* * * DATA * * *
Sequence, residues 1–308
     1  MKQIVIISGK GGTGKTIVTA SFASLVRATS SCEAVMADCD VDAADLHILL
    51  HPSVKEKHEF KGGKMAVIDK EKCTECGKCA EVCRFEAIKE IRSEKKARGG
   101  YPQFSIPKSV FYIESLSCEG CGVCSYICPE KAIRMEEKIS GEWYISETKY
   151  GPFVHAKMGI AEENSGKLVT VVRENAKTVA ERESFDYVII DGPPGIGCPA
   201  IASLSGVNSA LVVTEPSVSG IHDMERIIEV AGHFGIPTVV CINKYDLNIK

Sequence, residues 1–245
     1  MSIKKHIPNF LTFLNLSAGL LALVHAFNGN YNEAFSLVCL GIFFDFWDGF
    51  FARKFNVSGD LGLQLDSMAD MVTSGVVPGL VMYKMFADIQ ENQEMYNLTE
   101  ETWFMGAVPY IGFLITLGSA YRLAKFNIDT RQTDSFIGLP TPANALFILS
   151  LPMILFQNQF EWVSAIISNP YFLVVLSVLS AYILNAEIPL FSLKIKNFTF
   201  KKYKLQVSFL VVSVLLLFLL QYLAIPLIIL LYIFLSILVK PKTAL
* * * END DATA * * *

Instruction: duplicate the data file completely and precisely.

Sequence, residues 1–308
     1  MKQIVIISGK GGTGKTIVTA SFASLVRATS SCEAVMADCD VDAADLHILL
    51  HPSVKEKHEF KGGKMAVIDK EKCTECGKCA EVCRFEAIKE IRSEKKARGG
   101  YPQFSIPKSV FYIESLSCEG CGVCSYICPE KAIRMEEKIS GEWYISETKY
   151  GPFVHAKMGI AEENSGKLVT VVRENAKTVA ERESFDYVII DGPPGIGCPA
   201  IASLSGVNSA LVVTEPSVSG IHDMERIIEV AGHFGIPTVV CINKYDLNIK

Sequence, residues 1–245
     1  MSIKKHIPNF LTFLNLSAGL LALVHAFNGN YNEAFSLVCL GIFFDFWDGF
    51  FARKFNVSGD LGLQLDSMAD MVTSGVVPGL VMYKMFADIQ ENQEMYNLTE
   101  ETWFMGAVPY IGFLITLGSA YRLAKFNIDT RQTDSFIGLP TPANALFILS
   151  LPMILFQNQF EWVSAIISNP YFLVVLSVLS AYILNAEIPL FSLKIKNFTF
   201  KKYKLQVSFL VVSVLLLFLL QYLAIPLIIL LYIFLSILVK PKTAL